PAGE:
Copyright 2009

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With much anticipation, I got the chance to meet new Buccaneers offensive coordinator Jeff Jagodzinski today and came away thoroughly impressed in his demeanor and approach to offense and football in general. With Boston College pumping several NFL prospects into the league over the last couple of years, I’ve watched my fair share of Eagles football, so I am familiar with his coaching style. While Boston College didn’t blow many opponents out, they won a lot of games, and that’s clearly all Jagodzinski cares about.

He said on a couple of occasions that he’s not a big stats guy. Jags doesn’t care about offensive stats or quarterback stats. He cares about scoring one more point than the other team and doesn’t care if his quarterback throws for 300 or 400 yards if his team loses.

What I came away with was that in many ways, Jagodzinski was the anti-Jon Gruden. Where Gruden had trouble relating to some players, Jags appears to be more of an effective communicator. I’m not just basing that on what he said today before the Tampa Bay media, but also what his former BC players have had to say about him. Jags said that every player would always know where they stand with him.

Jags is a religious, upbeat, funny kind of guy. He's a real positive guy that is very laid back with a witty sense of humor. I'm sure the players will think that this is a refreshing contrast to Gruden's demanding, intense coaching style. Not there is anything wrong with Gruden's style. But we've all heard that the players are embracing the change.

Also, I don’t think Jagodzinski is going to have a doghouse, whereas Gruden did. That should help player morale, too.

Unlike Gruden, Jagodzinski doesn’t believe in a lot of verbiage in his play calls, which can slow down the learning process. Jags intimated that it wouldn’t take three years for a player to learn his offense, and that should not only help the Buccaneers’ veterans quickly assimilate themselves into the new offense, but also help younger, inexperienced players like quarterbacks Luke McCown and Josh Johnson and – dare I say – possibly a rookie quarterback learn the playbook, too.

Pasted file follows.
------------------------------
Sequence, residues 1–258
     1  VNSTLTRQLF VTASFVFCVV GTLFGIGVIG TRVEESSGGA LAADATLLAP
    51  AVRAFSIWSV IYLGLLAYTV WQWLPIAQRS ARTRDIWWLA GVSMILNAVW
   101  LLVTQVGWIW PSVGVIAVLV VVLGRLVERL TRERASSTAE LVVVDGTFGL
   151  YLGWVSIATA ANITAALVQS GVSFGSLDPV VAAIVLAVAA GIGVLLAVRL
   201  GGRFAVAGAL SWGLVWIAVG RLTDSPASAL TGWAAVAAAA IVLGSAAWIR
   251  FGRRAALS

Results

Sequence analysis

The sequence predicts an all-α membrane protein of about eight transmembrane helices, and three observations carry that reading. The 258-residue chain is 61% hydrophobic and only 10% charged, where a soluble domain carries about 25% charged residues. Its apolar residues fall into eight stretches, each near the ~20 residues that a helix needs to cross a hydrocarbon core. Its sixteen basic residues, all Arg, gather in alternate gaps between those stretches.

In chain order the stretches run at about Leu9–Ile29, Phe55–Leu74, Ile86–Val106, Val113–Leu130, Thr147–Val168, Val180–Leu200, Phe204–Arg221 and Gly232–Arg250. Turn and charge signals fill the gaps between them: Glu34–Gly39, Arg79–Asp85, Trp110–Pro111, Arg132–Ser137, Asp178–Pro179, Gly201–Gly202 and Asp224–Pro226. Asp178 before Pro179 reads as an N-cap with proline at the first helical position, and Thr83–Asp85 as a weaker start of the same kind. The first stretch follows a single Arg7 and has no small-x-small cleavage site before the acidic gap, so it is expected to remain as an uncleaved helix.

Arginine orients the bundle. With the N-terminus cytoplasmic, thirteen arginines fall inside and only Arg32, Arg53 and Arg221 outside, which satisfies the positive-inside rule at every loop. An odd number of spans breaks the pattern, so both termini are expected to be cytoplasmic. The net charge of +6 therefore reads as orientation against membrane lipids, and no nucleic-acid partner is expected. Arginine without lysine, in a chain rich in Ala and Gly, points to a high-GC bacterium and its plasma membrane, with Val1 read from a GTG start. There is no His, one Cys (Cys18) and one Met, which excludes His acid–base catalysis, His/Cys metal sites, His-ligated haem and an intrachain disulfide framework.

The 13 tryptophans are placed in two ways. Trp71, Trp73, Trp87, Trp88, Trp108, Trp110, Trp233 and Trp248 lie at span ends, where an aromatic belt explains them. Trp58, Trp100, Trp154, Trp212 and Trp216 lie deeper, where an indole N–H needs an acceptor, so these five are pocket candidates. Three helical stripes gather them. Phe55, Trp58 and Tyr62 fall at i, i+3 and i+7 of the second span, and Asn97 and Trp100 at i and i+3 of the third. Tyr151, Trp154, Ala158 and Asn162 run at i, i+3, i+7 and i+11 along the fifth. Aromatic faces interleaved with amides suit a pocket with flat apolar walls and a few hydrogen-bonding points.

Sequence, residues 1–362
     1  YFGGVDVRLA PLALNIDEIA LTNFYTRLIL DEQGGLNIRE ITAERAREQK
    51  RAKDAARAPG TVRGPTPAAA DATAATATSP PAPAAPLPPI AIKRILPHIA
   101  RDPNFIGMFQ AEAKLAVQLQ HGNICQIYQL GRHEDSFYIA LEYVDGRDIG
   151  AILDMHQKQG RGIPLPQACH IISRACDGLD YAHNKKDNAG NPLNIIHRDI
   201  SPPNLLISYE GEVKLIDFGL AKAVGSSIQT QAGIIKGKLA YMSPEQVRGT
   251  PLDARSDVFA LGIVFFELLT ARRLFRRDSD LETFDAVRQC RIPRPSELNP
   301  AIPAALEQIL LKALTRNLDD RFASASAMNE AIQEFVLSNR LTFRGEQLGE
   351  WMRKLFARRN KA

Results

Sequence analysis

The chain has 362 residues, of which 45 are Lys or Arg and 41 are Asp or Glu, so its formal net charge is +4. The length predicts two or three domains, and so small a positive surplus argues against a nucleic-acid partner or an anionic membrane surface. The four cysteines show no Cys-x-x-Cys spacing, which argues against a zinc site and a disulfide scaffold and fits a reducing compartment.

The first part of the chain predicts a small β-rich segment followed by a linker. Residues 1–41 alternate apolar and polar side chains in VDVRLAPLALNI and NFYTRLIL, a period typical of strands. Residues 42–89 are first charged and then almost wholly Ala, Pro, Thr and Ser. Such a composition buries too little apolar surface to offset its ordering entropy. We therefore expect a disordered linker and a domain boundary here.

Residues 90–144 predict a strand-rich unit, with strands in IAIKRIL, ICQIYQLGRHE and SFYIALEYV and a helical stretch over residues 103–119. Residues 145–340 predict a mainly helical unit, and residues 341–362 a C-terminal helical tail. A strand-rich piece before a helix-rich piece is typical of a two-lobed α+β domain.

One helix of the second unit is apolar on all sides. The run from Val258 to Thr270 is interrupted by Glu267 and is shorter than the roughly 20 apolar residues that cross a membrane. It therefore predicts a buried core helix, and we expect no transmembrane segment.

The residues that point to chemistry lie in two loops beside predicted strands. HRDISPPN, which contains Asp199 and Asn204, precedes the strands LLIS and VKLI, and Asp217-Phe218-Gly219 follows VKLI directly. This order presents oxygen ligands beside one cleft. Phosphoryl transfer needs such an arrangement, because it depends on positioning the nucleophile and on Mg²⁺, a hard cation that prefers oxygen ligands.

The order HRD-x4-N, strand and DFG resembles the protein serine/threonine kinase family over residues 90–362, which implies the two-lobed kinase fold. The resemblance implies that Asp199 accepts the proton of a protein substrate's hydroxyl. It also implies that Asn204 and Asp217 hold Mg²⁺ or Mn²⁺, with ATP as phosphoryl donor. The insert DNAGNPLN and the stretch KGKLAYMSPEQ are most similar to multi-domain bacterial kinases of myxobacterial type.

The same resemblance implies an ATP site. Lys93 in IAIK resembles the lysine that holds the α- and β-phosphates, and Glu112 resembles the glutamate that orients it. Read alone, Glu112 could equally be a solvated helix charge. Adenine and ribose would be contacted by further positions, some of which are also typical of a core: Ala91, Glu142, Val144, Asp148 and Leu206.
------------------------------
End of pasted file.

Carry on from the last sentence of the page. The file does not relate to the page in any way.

And no, I don't think there will be near as much shifting and motion going on before the snap. Some Bucs players felt that was unneccessary in the past and confused Tampa Bay as much as its opponents.

Bucs fans that have read Pewter Report’s edited transcript of Jagodzinski’s interview with the media on Tuesday, were probably smiling when he said that his red zone philosophy is “touchdown, then check down,” in addition to the fact that he coaches to win rather than not to lose. There are times when Gruden could be accused of playing not to lose and going the check down route instead of the touchdown route too many times in the red zone.

Expect Tampa Bay’s offense to run the hell out of the ball behind this offensive line. I believe the Bucs will come out running to set up the pass, whereas with Gruden, it was passing to set up the run.